Since I started blogging for NHL.com in August 2006, I've received all kinds of e-mails. E-mails asking me for phone numbers of players, coaches and owners, and even for a few of the ice girls for different teams.
I've received requests for interviews, requests for hockey equipment and request for tickets to NHL games.
Some of the e-mails have been filled with hate, some filled with bait (trying to get me into an argument) but the majority of them have been great.
I have been asked by fans to tell certain GMs to trade so and so for so and so. They've even followed up, asking me if their message has been relayed to the GM. E-mails have come in suggesting I write a blog about how a certain player should retire, try harder, skate faster, stop the puck, shoot the puck and cut his hair.
People have asked about the "availability" status of certain players. Are they married, engaged or looking for a girlfriend? Others have asked about any pictures I may have of some of the girlfriends/wives of some of the players.
A few non-NHL players from Europe have sent me their playing resume, asking if I knew of any teams that would be interested in signing them. Hundreds of people have asked how to get a job with NHL.com and one person even sent me a video of him typing a hockey story.
I've been asked what Gary Bettman is really like, is Chris Pronger
just a mean person and can I ask Henrik Zetterberg
how he grows his beard so quickly.
A few people have demanded I stop writing and told me where I should go after I leave this earth. Others told me how much they appreciate the work I do and express their love of our game.
I've heard from old friends, old schoolmates and even a few teachers. Most started out like this: "Is this really the Paul Kukla who went to school at …" Others have asked me about some long lost Kukla too, but so far I have been unable to help them.
In the past, I have posted my Skype phone number, asking people to call me within a certain time frame to talk hockey. Little did I know I would still be receiving phone calls to this day. Most of the time the calls go to voicemail, and I have heard everything from, "Call me, I have a rumor for you," to heavy breathing. On one occasion, a youngster was so excited he got through to me that all he said was he just wanted to see if I was "real."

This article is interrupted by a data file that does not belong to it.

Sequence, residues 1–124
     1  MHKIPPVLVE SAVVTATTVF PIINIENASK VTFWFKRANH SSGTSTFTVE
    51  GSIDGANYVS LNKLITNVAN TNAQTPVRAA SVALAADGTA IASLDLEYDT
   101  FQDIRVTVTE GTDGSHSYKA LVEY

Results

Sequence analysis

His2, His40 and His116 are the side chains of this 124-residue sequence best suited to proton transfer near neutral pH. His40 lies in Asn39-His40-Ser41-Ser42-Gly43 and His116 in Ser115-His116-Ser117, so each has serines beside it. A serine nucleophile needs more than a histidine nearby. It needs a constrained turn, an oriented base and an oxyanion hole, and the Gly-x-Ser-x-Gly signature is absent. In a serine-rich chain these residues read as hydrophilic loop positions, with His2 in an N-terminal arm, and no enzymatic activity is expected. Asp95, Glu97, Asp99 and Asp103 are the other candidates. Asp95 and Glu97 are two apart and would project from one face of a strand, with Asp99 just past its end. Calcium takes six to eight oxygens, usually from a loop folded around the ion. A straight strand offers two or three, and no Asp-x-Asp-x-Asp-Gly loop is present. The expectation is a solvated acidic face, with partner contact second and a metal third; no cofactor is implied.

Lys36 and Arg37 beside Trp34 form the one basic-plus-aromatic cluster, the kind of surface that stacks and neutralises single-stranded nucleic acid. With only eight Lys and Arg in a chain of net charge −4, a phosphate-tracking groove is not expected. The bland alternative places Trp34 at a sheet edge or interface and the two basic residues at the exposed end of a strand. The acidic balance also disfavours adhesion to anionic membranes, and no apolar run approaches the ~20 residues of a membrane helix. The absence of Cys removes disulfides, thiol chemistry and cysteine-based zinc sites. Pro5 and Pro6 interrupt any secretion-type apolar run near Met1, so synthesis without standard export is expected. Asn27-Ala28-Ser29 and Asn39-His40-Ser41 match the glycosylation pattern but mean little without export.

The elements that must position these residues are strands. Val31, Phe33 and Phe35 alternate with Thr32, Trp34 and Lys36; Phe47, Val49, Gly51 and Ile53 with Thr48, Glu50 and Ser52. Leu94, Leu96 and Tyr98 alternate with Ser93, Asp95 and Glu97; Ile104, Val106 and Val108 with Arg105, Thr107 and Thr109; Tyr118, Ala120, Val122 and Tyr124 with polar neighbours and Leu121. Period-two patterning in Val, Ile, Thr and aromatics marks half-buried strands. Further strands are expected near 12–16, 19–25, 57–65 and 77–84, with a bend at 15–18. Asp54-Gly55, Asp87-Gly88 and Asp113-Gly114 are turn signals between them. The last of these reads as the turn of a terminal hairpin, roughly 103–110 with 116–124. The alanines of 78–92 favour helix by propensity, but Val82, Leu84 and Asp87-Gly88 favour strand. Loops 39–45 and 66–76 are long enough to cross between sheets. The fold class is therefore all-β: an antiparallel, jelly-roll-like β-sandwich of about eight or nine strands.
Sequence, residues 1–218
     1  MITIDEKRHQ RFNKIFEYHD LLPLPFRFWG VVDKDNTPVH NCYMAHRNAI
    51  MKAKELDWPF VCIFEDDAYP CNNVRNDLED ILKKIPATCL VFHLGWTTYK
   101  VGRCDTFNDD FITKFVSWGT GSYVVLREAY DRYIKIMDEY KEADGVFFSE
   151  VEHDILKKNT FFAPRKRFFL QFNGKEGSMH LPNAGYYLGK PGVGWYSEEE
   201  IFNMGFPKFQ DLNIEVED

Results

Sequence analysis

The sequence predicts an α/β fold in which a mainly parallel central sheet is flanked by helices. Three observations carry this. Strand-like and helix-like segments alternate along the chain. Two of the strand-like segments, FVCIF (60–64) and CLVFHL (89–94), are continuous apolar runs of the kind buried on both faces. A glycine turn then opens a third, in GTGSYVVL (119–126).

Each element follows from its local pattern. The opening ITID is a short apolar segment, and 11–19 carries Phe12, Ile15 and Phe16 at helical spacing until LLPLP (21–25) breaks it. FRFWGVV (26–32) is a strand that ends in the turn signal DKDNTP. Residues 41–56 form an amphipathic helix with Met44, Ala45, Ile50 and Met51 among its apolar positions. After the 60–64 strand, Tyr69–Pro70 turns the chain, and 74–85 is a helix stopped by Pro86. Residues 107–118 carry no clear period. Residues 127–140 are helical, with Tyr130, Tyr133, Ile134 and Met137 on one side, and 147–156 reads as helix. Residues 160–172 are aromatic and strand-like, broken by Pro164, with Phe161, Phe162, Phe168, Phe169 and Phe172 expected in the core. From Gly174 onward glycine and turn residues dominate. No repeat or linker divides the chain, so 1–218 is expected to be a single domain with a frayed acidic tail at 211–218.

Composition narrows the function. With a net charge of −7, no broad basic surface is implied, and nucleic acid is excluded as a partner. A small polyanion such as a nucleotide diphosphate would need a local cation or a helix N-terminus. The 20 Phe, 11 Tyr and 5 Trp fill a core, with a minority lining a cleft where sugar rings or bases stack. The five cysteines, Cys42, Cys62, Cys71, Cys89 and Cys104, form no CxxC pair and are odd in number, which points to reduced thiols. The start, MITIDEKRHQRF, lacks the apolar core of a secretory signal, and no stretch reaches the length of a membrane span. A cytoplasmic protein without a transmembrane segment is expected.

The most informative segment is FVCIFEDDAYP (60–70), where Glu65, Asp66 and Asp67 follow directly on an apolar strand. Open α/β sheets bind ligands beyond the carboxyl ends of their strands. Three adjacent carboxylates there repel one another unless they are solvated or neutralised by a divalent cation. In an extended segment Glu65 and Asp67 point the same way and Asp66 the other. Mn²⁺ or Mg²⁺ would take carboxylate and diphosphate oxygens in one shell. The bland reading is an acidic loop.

Little did I know when NHL.com asked me to start blogging
in 2006 that I would be in the position that I am in today.
I feel like the luckiest person in hockey. I've always had the passion for the game; now I am able to share it with hockey fans all over the world on a weekly basis. Only two words can describe the feelings I have every day: Thank you.
-- Two weeks ago
I brought up the Twitter topic on NHL.com. At the time, I e-mailed hockey insider Bob McKenzie about his views on Twitter. Bob was and still is on a well-deserved vacation, but he was kind enough to respond to my inquiry.
Here is what he wrote.
"Twitter has been a game-changer for our industry.
"First and foremost, it's an incredibly useful tool to stay informed. I mean, for example, if you follow Mike Russo you get real-time updates of every Wild practice and game. Who's hurt, who's playing with who, you name it, it's there. Multiply that by 30 and the whole league is basically there in real-time updates if you are interested.
"But my attitude, professionally anyway, is that if one is going to take all that good information, one has to pay it back so I try to contribute something as well.
"Twitter has also eliminated debates over who had what story first and who had it right. It's all out there, time stamped and universally available, for everyone to see.
"It's obviously a tool that can be useful in driving people to websites such as TSN or to allow a guy to shill his book. LOL.
"But for me it's mostly about the give and take of information in a business that rewards knowledge and currency.
"It is really a co-operative effort in its most basic form."
A great take on Twitter from Bob, who you can follow at TSNBobMcKenzie
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